The Spanish start-up Minoryx Therapeutics recently opened a subsidiary in Belgium to further their research on treatments for rare and orphan diseases. Co-founder and CEO Marc Martinell spoke to BioVox about his personal reasons for founding the company and why Belgium is such an attractive location to start-ups in the medical sector.
Image: Marc Martinell, co-founder and CEO of Minoryx Therapeutics
Barcelona-based Minoryx Therapeutics was co-founded by Marc Martinell in 2011 to develop new therapies for rare CNS diseases. To-date, the company has focused their efforts on clinical trials assessing the effect of their lead compound MIN-102 on X-linked Adrenoleukodystrophy (X-ALD), a rare genetic disease without a cure.
Currently undergoing a phase II/III trial for X-ALD, Minoryx has just announced that they will expand the use of MIN-102 with a phase II trial planned to assess its effect on another neurodegenerative disease: Friedreich’s Ataxia. The news comes shortly following the company’s announcement of the opening of their first overseas subsidiary in Belgium. We spoke to CEO Marc Martinell about his personal motivation for starting the company and why Minoryx decided to move to Brussels South Biopark.
Why focus on rare diseases?
Rare diseases is an area where there is clearly a high unmet medical need. Instead of keeping my job in oncology... I decided to move into a space where there was much less work ongoing. To try to make a difference. - Marc Martinell, Minoryx
Minoryx’s lead candidate MIN-102 is a selective PPAR gamma agonist that seems capable of halting neural degeneration. In the case of X-ALD, neurodegeneration is caused by mutations on the ABCD1 gene. The two forms of the disease, Childhood cerebral ALD (cALD) and Adrenomyeloneuropathy (AMN), are both terminal. Though the disease occurs in as many as 1 out of every 17,000 children, there are currently no treatments available other than highly invasive bone marrow transplants.
The new indication, Friedreich’s Ataxia, is similarly rare and deadly. The disease typically results in loss of mobility within 10-15 years and inevitably death. Both X-ALD and Friedreich’s Ataxia are currently regarded as orphan diseases, with little attention being given to research and development of treatments. Martinell explains why he decided to dedicate his company to the pursuit of such orphan diseases:
“I had a personal experience that triggered my interest in the orphan diseases space: someone close to me was affected by a rare disease. There were actually three factors that prompted me to build this company. Firstly, I always had a quite entrepreneurial predisposition. The second, triggering factor, was my personal experience in 2009. That same year there was also a serendipitous occurrence that convinced me to pursue this idea: in Barcelona there is an annual TV program dedicated to raising funds for specific diseases. That year, back in 2009, the show was dedicated to rare and orphan diseases.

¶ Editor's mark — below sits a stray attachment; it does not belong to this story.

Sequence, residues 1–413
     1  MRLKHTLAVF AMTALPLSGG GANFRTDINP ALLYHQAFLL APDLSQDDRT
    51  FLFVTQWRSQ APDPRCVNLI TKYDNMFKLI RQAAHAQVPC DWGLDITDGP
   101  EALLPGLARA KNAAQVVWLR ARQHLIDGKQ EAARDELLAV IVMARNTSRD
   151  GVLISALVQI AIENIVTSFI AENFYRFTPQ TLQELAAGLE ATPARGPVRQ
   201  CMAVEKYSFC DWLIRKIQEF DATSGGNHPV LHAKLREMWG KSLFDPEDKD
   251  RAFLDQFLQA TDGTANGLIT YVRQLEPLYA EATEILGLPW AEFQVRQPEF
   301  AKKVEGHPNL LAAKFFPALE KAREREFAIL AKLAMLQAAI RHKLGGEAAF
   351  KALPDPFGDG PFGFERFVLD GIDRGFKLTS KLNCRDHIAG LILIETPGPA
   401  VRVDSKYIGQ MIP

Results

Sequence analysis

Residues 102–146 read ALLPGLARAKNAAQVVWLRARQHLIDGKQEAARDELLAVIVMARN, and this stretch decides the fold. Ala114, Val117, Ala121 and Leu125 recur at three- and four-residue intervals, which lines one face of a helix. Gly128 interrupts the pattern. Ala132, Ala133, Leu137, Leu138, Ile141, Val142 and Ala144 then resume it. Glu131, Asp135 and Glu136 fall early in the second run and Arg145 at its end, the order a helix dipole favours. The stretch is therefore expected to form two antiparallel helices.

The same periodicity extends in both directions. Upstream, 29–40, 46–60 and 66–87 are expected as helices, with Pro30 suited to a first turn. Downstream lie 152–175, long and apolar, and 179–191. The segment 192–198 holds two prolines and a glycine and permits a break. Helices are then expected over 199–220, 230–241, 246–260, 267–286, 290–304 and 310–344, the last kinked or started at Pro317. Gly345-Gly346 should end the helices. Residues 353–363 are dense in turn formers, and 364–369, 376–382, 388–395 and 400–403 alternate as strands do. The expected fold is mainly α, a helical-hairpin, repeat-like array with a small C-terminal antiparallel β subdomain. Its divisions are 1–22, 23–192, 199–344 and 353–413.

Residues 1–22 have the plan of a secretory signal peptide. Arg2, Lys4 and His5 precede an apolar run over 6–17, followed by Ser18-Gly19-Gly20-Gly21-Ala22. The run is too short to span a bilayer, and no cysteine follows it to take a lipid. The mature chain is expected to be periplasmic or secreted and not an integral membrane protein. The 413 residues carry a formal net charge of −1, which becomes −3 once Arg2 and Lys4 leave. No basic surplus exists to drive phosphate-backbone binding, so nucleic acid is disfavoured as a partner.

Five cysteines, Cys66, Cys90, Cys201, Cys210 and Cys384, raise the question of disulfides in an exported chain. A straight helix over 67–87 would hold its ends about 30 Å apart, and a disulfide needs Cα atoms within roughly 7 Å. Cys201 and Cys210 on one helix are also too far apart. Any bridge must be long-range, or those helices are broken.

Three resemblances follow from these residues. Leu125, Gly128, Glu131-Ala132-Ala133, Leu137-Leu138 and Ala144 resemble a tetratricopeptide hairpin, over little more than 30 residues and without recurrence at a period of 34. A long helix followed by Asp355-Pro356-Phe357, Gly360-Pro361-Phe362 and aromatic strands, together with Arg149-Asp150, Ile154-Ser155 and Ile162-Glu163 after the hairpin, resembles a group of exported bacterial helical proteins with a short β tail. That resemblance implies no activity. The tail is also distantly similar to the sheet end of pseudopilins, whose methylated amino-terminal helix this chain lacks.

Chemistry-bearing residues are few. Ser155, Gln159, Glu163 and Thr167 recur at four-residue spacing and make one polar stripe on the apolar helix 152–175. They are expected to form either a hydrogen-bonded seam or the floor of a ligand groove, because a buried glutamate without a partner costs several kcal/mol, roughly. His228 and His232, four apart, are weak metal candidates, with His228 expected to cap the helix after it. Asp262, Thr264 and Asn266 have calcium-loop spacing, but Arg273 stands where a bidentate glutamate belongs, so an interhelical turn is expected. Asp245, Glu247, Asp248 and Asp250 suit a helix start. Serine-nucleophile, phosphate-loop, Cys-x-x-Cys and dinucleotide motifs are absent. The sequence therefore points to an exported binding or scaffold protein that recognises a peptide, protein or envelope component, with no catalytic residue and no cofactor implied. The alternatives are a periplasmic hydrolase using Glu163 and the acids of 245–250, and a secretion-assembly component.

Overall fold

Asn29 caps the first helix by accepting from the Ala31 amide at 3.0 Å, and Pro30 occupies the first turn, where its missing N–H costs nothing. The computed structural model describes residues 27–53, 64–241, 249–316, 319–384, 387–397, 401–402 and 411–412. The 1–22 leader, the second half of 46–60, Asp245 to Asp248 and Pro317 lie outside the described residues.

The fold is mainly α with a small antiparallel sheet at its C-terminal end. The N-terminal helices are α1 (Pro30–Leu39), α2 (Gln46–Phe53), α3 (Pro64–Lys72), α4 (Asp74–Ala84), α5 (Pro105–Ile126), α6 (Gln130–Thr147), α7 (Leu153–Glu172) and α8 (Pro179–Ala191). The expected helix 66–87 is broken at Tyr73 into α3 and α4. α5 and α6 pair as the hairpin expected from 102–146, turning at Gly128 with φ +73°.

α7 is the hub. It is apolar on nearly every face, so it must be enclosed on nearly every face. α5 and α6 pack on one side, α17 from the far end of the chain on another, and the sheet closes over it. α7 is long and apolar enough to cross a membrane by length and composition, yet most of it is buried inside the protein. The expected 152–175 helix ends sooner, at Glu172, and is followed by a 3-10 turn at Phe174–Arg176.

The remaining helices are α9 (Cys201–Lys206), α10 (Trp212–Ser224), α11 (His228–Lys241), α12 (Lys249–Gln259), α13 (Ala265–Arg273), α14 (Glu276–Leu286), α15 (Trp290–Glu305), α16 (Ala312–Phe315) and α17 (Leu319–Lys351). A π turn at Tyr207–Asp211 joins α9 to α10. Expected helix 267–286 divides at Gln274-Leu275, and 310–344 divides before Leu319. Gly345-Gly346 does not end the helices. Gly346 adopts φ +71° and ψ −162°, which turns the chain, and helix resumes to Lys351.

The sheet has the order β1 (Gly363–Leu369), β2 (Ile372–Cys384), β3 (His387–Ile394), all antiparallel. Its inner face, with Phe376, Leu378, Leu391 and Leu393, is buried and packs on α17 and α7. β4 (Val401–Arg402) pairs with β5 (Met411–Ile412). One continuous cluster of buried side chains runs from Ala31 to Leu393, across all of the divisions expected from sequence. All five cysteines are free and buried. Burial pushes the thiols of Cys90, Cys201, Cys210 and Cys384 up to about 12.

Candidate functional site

When you see so many similar personal stories, you realize that this is an area where there is clearly a high unmet medical need. Instead of keeping my job in oncology, where there were hundreds of companies working towards solutions, I decided to move into a space where there was much less work ongoing. To try to make a difference. That day I made the decision to quit my job in oncology and create a company in the rare diseases space.”
Barcelona to Belgium
There are several reasons we chose to open a branch in Belgium... Belgium has an excellent track record for growing biotechs and the talent pool is superb. - Marc Martinell, Minoryx
In January, Minoryx opened their first international subsidiary in the Brussels South Biopark in Charleroi. The site will house R&D efforts for MIN-102 and serve as a base for research into new indications for the lead compound. Martinell explained why Belgium, and Brussels South Biopark specifically, were chosen to host their new base:
“There are several reasons we chose to open a branch in Belgium. We are a company from Barcelona, where the biotech sector is growing quite a lot. So, when thinking of next steps and growing the company, a presence in another region that is also very rich in terms of biotech made sense. Belgium has an excellent track record for growing biotechs and the talent pool is superb.
We also have previously established links with Belgian investors that influenced the move. Investment is of course key for the growth of Minoryx, so we decided to open a site at the iTech incubator at Brussels South Biopark as it allowed us to be near our investors. We got an extremely warm reception from them; they helped us a lot with the move, not just to the incubator specifically but they also helped us to understand how things worked in Belgium, to find the right connections etc. It was very important for us.
We are now looking forward to working with our partners in Belgium to bring help to those suffering from rare and orphan diseases without a cure.”